Did Snowden Kill the Mainframe Metadata Star?
Back in December 2013, a U.S. District Judge, Richard J. Leon ruled in a lawsuit brought by a legal activist that large scale data collection by the National Security Agency was, as the Washington Post put it at the time, “almost certainly unconstitutional.” At issue was what was described at the time as “billions of records” of phone metadata that the NSA had been collecting. The ruling came on the heels of Edward Snowden’s leaks of information the NSA had classified earlier in 2013 on behalf of various NSA surveillance programs.
These events, in some circles, unfairly smeared the concept of metadata with public concerns over the prospect of government intrusion into their private lives. Indeed, in that 2013 case, Judge Leon argued that “no court has ever recognized a special need sufficient to justify continuous, daily searches of virtually every American citizen without any particularized suspicion.”
What’s a data warehouse custodian — for whom metadata is key for governance and in some cases even compliance — to do? Just as “Video Killed the Radio Star,” can privacy concerns kill metadata, the data warehouse star?
The Metadata Star
Over the past several decades, the business data warehouse has steadily gained momentum, and metadata is seen by most decision support analysts as an indispensable component of all data repositories. Metadata, sometimes referred to as “data about data,” was first formulated in 1968 by Philip Bagley, and is now a fully integrated component in most data warehouse, legacy and next generation data repository implementations.
Some, like Reuben Vandeventer of Data Clairvoyance believe that firms like Google have “built their entire business models on the management and publication of metadata.” Compliance with regulations like Basel II, PCI and SOX are guided by the metadata star. Because nearly all of the world’s largest firms subject to regulation are also mainframe users, z/OS metadata matters to them.
Metadata has worked its way into numerous products and services.
Mainframe and Metadata
Many parts of the z/OS ecosystem depend on a free flow of metadata.
For example, IBM’s own products are rich with metadata. IBM’s Data Server Manager (DSM) collects metadata from SQL queries. The IBM Cognos Framework Manager is referred to in an IBM Guideline document as “a metadata modeling tool that drives query generation for IBM Cognos Business Intelligence.” Access to metadata from VSAM or sequential file maps are part of IBM’s z/OS platform for Apache Spark.
On the third party front, Software AG, in an Adabas product brief, argues that long term integrity of metadata must accompany z/OS data archiving processes in order to manage the full data life cycle. The Oracle Tuxedo Metadata Repository enables Tuxedo-managed processes in z/OS to reliably managed brokered events across domains. Oracle Metadata Management is a requisite module in the Oracle Business Intelligence product. The CA Test Data Manager maintains a metadata repository to allow the product to produce test data for z/OS. The SAS Fraud Management tool running on z/OS requires the company’s Metadata Server. Business intelligence products from MicroStrategy support metadata repositories hosted on z/OS DB2.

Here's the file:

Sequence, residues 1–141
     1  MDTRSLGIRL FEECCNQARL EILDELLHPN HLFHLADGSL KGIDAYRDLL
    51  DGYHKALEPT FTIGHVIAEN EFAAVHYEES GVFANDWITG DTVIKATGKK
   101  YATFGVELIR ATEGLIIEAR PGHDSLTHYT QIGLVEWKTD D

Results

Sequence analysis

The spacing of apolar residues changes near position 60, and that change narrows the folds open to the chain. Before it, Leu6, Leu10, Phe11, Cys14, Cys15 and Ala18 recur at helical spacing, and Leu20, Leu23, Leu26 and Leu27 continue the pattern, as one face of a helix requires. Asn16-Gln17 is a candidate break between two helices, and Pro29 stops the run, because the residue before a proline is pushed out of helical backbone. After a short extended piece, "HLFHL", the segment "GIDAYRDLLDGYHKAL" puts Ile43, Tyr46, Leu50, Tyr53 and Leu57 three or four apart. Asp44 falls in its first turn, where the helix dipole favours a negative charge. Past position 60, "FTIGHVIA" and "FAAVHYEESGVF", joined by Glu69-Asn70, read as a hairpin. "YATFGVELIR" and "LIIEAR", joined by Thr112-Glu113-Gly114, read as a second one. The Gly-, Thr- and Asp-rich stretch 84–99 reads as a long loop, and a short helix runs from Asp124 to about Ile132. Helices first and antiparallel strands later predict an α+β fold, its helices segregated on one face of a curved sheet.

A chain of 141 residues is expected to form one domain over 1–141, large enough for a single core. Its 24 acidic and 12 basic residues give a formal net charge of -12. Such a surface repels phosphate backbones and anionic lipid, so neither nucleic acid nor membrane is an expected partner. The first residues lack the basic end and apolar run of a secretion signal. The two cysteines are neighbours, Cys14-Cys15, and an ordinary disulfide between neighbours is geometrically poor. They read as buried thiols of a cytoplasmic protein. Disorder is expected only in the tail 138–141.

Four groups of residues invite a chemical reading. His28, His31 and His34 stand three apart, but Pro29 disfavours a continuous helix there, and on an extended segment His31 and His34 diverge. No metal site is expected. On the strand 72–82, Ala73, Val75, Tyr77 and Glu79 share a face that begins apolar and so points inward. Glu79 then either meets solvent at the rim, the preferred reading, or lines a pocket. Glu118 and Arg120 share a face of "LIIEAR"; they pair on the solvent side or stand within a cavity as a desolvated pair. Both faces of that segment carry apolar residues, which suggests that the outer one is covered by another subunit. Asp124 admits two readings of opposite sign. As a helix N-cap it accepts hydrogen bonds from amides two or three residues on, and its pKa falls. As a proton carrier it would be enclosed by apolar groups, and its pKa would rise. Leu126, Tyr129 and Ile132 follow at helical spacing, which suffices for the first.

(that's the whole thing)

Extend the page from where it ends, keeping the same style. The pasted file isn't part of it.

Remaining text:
Metadata in the Hadoop Era
Fast forward the digital equivalent of eons, and partnerships like the Cloudera – Syncsort alliance illustrate how pervasively the metadata concept has inserted itself into current metadata management practices with mainframe data on and off platform. Apache Hadoop is turning 10 this year. It’s been a fast and exciting decade, in which a highly scalable open source technology and its offspring have transformed expectations for data volume, velocity, and variety.
The Hadoop wave has washed over and transformed mainframe technology. Data delivered by Syncsort DMX-h enables Cloudera Enterprise Data Hub (EDH), Cloudera Manager, Apache Sentry, and Cloudera Navigator to expand enterprise metadata repositories. The result writes Tendü Yoğurtçu, is “a unified metadata repository” and a more complete view of “data lineage.”
With appropriate tools in place, even legacy metadata from COBOL copybook and VSAM file metadata can be captured. A 2014 Syncsort contribution to Apache Sqoop made this possible.
The payoff for metadata integration is most apparent where governance and compliance drive IT investments. This track for exploiting metadata will continue to be active.
For some far-sighted enterprises, well-structured metadata repositories will power deep learning and other forms of artificial intelligence.
Metadata is likely to be part of new cybersecurity solutions. At Medical Mutual of Ohio, crucial metadata is extracted from z/OS mainframe logs using Ironstream and deposited into Splunk Enterprise to enhance cybersecurity intelligence. This and other Big Iron to Big Data solutions are the “future is now” of enterprise security and operational analytics.
Done with sufficient ingenuity and transparency, metadata could help protect privacy – perhaps helping to restore public confidence in enterprise private citizen data holdings. Maybe even in government systems that were the target of the Snowden disclosures.